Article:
Error log for Tue, 22 Oct 2002 15:56:21 +0000, segfault in module
"Pookybug": dump details are as follows...
> Q. Now that you recognize the total victory of Microsoft, are there any
> specific issues involved in upgrading from Linux to Windows?
> A. Yes. There's no direct 'upgrade' path per se. To upgrade to Windows
> from Linux requires a 'clean' installation of Windows. This is a good
> thing because a complete clean install means all the vestiges of the
> Linux operating system are 'rooted out' and cleaned from your harddrive.
> Realize that you may have to save, or backup onto other media - or to
> another store - such things as documents, bookmarks etc. if you want
> them once Windows is installed.
And the real reason for this is because the "quality" that is Windows is
unable to read or write to any of the formats that Linux can and does
easily read and write to.
Of course, if you happen to be running Linux on, say, a DEC workstation or
a PowerPC, then you will have to s*all of that "inferior" hardware and
go purchase a commodity PC, because the "quality" that is Windows does not
run on many of the platforms that Linux can and does run on.
Quote:> Also prepare yourself for a shock. You will meet with something you've
> never experienced before in computing: quality.
This is true, no other platform will regularly and constistently require
you to spend money on a regular basis in order to obtain the "quality"
applications in order to obtain the same functionality that you have with
LGX and OSS for *free*.
Quote:> Quality applications, quality programs by professionals .. people who
> work 24-7 to just make things work and work well. Gone will be the
> gigabytes of second rate, slapped together, incomplete non-professional
> software by unpaid Linux, for want of a better word, 'losers'.
And of course, if you need or desire any feedback from these
"professionals", you can always call the toll free support line and speak
to some underpaid and underqualified peon who will of course tell you to
"reboot, retry, reinstall", if they do not tell you to get lost first
because they don't support that issue.
And forget about speaking with the actual *developers* of said software,
or even the president of said vendor, since they have no time in their
"professional" lives to bother with the end user.
And if you want to ever add or modify the program to suit your particular
purposes, well then your option is to submit a request to the vendor and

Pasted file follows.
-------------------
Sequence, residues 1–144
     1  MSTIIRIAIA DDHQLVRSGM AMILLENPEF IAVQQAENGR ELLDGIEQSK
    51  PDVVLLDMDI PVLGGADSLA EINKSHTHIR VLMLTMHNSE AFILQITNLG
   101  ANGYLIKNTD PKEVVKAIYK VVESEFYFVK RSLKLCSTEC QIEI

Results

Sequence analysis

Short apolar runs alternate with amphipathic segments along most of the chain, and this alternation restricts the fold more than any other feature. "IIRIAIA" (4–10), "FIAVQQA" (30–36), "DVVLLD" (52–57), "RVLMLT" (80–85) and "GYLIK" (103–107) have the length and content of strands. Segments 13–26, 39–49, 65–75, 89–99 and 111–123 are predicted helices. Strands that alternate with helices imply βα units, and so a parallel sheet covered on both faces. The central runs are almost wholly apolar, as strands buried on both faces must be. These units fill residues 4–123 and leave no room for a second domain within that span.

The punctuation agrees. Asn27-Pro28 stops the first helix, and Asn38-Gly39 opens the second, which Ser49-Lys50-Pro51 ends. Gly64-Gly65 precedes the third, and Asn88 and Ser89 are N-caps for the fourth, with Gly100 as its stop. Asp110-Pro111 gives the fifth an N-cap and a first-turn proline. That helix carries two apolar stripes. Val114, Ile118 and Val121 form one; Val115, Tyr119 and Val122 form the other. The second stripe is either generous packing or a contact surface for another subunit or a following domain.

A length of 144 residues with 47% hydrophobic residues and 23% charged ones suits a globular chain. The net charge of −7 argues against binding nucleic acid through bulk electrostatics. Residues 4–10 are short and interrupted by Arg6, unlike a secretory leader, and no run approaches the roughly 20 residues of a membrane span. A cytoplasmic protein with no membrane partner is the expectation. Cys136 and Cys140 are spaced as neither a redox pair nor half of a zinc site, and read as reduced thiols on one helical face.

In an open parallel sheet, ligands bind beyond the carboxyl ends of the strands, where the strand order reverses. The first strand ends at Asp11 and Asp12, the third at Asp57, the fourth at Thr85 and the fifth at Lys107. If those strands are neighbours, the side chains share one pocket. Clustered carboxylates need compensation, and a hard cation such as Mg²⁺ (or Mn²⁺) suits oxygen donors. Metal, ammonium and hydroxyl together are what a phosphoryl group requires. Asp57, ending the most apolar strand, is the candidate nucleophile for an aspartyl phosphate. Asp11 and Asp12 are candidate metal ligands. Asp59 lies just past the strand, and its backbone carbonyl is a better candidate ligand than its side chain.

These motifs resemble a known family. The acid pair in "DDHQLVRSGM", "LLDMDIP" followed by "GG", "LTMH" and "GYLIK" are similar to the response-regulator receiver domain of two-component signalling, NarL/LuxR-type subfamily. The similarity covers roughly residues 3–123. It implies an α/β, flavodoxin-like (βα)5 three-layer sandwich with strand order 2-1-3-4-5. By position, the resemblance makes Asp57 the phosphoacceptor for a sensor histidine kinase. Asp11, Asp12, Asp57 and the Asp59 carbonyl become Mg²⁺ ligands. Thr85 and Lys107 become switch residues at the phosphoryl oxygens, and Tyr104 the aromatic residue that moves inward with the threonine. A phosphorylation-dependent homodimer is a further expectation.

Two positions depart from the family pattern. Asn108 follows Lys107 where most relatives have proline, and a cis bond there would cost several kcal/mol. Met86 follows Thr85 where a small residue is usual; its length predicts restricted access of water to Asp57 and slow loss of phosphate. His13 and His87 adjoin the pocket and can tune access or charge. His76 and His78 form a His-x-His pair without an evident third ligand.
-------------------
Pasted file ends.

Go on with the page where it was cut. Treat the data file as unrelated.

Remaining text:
hope that about a million other users have requested the same changes, and
then MAYBE you will see it incorporated in the next release in a couple of
This is much better than the "non-professional" way of OSS where you can
interact directly with the creator and developers themselves and request
changes, report issues, and have full access to source so you can modify
the program specifically for your own needs.
Not to mention that the development cycle is much faster since it is so
unprofessional, so updates are released regularly and quickly, often
incorporating fixes and features that the commercial variants take very
long to include.
> Instead you will be dealing with winners. Winners like Microsoft Corp.
> which has made more money this quater than any company has ever! Success
> is a wonderful thing. When you experience it for the first time you will
> never want to go back to Linux.
Indeed. Forget about all the money and hassle that you saved by using LGX
and OSS. Now you get to pay for every program that you need and/or want.
Now you get to experience strange problems that noone can help you with
and that can't be resolved. Coerced upgrade cycles, multitudes of
vulnerabilities and virii, worms and trojans to worry about for which you
will have to spend more money to obtain a "professional" quality
anti-virus program to protect against.
And don't forget the "professional" quality Office suite that you will
have to purchase seperately in order to be productive. And if you are a
developer, you can take out a loan and purchase the "professional" quality
development suites so that you can do what you could for free with LGX,
and of course you will have to spend even more money if you need any
special libraries since they are not included.
Now you get the privilege of dealing with liscences and EULA's and misc
other restrictions associated with just using your computer. And you have
the satisfaction of knowing that you can always spend more money to
upgrade to a supported version when your hardware or software becomes
obsolete and is no longer supported by the vendor.
> Part II coming soon.
Looking forward to it.
rapskat - 12:08pm up 24 days, 12:53, 1 user, load average: 1.52, 1.56, 1.08
108 processes: 100 sleeping, 8 running, 0 zombie, 0 stopped
CPU states: 0.0% user, 0.0% system, 0.1% nice, 0.0% idle
Of course there's no reason for it, it's just our policy.